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DCU, Tyndall Spinout Attracts Investment

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DUBLIN, April 9, 2012 — Pilot Photonics Ltd., a spinout company of Dublin City University and the Tyndall National Institute in Cork, has raised €300,000 (about $392,000) from Enterprise Ireland and AIB Seed Capital Fund to tackle the Internet capacity crunch.

The investment will allow company directors Dr. Philip Perry and Dr. Frank Smyth to find a route to market for their optical networking technology, which has the potential to dramatically increase the speed of the Internet.

Enterprise Ireland’s commercialization funding allowed the technology inventors to bring commercially relevant aspects of their work to a spinout-ready state. The subsequent seed investment now makes it possible for Pilot Photonics to commercially exploit the technology.

The company is developing technology that allows more information to be packed into existing optical fibers by bonding together several data channels on the fiber, reducing wasted bandwidth. Its first product, which enables the so-called “superchannels,” is an optical wavelength comb source. Additional technologies to reduce cost and power consumption are under development.

“One of the best-kept secrets is that the accessible bandwidth of the optical fiber that makes up the core of the Internet is almost full — there’s very little space capacity in there,” said Perry, CEO of Pilot Photonics. “Using our technology, you can get more data down existing fiber optic cables rather than having to dig up roads to lay new fiber.”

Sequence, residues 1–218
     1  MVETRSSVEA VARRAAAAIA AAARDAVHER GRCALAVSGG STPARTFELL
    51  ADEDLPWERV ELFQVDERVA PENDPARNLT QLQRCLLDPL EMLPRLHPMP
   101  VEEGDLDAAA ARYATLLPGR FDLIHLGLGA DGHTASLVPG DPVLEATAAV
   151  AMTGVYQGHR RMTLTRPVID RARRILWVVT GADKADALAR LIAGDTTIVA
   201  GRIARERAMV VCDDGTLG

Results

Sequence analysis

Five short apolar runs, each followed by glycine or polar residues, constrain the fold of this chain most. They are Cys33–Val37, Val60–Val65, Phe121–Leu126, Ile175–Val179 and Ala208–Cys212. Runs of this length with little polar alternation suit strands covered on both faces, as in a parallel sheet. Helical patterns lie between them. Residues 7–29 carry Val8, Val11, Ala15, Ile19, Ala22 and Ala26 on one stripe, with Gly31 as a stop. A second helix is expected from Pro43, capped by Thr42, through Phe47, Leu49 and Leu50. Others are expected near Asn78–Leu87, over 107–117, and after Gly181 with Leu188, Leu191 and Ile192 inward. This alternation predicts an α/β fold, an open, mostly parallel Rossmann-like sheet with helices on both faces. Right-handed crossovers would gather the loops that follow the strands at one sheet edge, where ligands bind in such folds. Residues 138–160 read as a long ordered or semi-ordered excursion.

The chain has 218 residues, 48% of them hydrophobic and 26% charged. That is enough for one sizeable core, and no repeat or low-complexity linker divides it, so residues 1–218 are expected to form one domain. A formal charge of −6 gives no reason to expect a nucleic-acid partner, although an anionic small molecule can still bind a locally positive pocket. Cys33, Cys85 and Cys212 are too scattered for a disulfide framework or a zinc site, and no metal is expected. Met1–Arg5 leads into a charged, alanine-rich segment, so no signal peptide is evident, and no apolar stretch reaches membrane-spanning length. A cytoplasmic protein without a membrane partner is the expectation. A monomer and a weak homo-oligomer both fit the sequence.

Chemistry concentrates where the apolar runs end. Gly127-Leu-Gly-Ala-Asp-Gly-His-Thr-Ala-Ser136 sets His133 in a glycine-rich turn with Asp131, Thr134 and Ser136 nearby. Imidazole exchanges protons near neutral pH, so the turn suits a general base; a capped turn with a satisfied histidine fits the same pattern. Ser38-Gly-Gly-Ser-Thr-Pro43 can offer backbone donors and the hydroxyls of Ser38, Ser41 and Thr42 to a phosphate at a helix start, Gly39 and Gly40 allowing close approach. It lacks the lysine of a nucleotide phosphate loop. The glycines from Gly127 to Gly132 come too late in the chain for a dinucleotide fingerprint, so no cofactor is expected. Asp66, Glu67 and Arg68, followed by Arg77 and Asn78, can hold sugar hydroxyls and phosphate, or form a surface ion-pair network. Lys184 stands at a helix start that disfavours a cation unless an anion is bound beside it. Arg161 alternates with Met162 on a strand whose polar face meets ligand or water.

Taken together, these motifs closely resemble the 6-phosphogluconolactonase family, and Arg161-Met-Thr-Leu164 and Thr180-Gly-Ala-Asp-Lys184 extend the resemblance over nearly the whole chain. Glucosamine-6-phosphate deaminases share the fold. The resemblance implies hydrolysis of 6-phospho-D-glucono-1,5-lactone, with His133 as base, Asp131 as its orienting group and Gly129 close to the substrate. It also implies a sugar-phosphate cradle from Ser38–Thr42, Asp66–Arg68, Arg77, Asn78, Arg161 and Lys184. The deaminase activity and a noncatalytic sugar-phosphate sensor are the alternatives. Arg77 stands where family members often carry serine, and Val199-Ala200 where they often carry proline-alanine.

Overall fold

The need for faster, more efficient optical fiber links will continue to grow, particularly as end users of the Internet move to cloud computing and video-intensive applications.

“You will have a server, say, in Germany, that has to communicate with some other server that is in London, so you need very high capacity, low-delay connection,” Perry said. “We breathe new life into their systems so that network operators will be able to get more value out of their existing investment.”

The spinout launched its first comb source product, which produces multiple wavelengths from a single laser, in March at the OFC/NFOEC trade show in Los Angeles.

“If the channels all come from the same source, you can pack them tighter together,” Perry said. “By carefully selecting the number of channels and their speed, we can significantly reduce cost and the power consumption for network operators. For the end user of the Internet, it means a faster, higher-quality link through the Internet.”

The new technology is compatible with the existing optical fibers that currently connect countries and continents around the world, according to Perry, and Pilot Photonics now is working with equipment vendors as they develop new approaches to better Internet connections over the next decade.

“The response we got in LA this month is fantastic,” Perry said. “We have the right technology at the right time, and we have started to engage with key global players.”

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Apr 2012
The technology of generating and harnessing light and other forms of radiant energy whose quantum unit is the photon. The science includes light emission, transmission, deflection, amplification and detection by optical components and instruments, lasers and other light sources, fiber optics, electro-optical instrumentation, related hardware and electronics, and sophisticated systems. The range of applications of photonics extends from energy generation to detection to communications and...
AIB Seed Capital FundBusinessCommunicationsDublin City UniversityEnterprise IrelandEuropefiber optic cablesfiber opticsFrank SmythInternet speed technologyIrelandoptical fibersoptical networksoptical wavelength comb sourceopticsPhilip PerryphotonicsPilot Photonics Ltd.Tyndall National Institutelasers

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